My recent discovery and curious interest of Ruby Chocolate has led me back to Cacao Magico for their Cacao Bean to Chocolate Bar Experience, a fun and interactive presentation.
We were greeted by Andrea Valeria Vallejo Perez, General Manager and hostess of the presentation. She wore a clear facemask and we were able to see her glowing smile and confident expressions. Andrea was friendly, knowledgeable, and organized, a perfect fit for her job requirements, I give her a 10+!!
We were led to the kitchen/production area, thoroughly washed our hands, and were given freshly cleaned aprons and hats, and of course we were already wearing masks. There were three large chocolate heating units used to keep the chocolate at a melted temperature. Each had a vertical spinning wheel that kept the melted chocolate moving to prevent coagulation within the vat. They also had a vibrating platform for shaking off excess chocolate from candy molds. There were stacks and stacks of candy molds, and various other kitchen equipment including a commercial oven, as they do offer chocolaty baked goods in their store.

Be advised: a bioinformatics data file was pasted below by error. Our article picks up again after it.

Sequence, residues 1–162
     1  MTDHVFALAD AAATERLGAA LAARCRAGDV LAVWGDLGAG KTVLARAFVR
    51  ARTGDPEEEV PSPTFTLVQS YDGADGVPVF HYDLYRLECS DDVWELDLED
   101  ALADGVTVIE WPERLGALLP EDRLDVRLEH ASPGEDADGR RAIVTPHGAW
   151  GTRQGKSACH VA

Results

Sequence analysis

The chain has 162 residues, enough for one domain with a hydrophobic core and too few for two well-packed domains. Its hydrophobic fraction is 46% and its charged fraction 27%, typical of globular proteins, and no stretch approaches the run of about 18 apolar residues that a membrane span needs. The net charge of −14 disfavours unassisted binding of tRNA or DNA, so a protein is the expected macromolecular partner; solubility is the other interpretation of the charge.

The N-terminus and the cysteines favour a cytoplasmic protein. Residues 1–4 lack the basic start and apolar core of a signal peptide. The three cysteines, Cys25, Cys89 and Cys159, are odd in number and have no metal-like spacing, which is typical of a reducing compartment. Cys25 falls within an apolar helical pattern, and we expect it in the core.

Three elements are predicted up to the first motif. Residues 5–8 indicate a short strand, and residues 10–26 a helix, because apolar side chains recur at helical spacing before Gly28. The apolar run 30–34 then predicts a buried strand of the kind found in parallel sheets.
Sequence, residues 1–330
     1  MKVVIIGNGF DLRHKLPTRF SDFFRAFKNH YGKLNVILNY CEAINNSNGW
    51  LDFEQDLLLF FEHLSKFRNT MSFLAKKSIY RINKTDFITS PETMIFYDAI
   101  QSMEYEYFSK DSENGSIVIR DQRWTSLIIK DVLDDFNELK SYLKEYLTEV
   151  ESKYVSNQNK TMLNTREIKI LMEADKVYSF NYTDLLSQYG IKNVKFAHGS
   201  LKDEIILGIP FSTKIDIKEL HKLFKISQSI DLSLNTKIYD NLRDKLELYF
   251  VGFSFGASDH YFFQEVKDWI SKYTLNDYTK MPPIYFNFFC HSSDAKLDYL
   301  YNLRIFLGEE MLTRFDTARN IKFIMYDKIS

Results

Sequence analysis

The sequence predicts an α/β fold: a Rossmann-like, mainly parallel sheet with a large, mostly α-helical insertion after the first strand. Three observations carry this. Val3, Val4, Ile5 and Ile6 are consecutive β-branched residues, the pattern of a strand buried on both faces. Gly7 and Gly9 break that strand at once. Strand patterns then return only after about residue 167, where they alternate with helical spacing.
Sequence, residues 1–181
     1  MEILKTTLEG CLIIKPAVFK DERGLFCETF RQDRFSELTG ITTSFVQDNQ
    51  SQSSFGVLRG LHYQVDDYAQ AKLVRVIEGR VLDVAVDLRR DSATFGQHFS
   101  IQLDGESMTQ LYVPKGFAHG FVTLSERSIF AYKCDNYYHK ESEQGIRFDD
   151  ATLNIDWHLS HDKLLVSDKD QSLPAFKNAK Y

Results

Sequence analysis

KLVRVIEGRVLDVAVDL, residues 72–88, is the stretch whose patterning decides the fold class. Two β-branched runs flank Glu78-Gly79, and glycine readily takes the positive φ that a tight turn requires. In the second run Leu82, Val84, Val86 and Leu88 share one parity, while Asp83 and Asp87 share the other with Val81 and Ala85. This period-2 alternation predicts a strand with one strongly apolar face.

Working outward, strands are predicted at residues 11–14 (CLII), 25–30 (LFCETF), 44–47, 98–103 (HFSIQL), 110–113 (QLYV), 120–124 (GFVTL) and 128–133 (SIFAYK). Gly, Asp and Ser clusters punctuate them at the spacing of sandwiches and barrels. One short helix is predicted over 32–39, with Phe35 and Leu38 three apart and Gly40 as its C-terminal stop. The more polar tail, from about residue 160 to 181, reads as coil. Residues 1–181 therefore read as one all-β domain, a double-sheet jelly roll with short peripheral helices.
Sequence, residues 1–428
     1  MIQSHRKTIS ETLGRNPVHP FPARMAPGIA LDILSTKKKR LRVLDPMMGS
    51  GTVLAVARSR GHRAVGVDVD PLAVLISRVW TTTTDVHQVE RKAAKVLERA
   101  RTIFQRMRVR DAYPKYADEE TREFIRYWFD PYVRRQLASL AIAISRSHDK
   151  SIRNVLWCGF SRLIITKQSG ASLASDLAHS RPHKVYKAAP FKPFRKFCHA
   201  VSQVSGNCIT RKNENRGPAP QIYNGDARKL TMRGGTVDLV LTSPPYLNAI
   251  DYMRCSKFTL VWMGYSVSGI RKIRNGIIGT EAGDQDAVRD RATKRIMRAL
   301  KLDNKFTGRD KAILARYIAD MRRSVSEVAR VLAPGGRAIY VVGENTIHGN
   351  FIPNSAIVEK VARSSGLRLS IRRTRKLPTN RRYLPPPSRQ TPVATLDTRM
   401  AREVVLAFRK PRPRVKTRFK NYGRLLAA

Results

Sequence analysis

First Andrea told us all about the history of chocolate, starting with cacao trees being originally unique to the Mexico/Yucatan jungle. I will retell the history of chocolate in my next chocolate series article. Next she brought out some cacao pods and explained that they are actually considered a fruit. The pod is shaped like a mini-football, about 8” long or so, and ribbed like a star fruit except many more ridges. When sliced in half, you can see an outside fruity layer, a little less than an inch thick, that is orangey in color and reminds me of papaya. However it is virtually tasteless and generally is not used. Inside of that are dozens of cacao beans surrounded by a white pulpy substance. The beans are about the size and shape of shelled almonds.
Next she explained that the beans must go through a series of processes before it can be used to make chocolate. The beans and pulp are first removed from the fruit shell and put into open containers for fermentation. The pulp begins to break down around the beans causing chemical changes within them that affect acidity levels, leading to a natural development of the chocolate flavor. The beans are then laid out in flat trays for drying, and when dried are roasted and shelled, and are now called nibs. Andrea gave each of us a handful of nibs and a molcajete dish for grinding, just as it would have been done in ancient times. We tasted the nibs, and at this point no sugar had been added, but the rich flavor of dark chocolate was evident. From there the nibs would be put into a cacao bean grinder for 24 hours to form what is called chocolate liquor, and can be further refined for smoothness.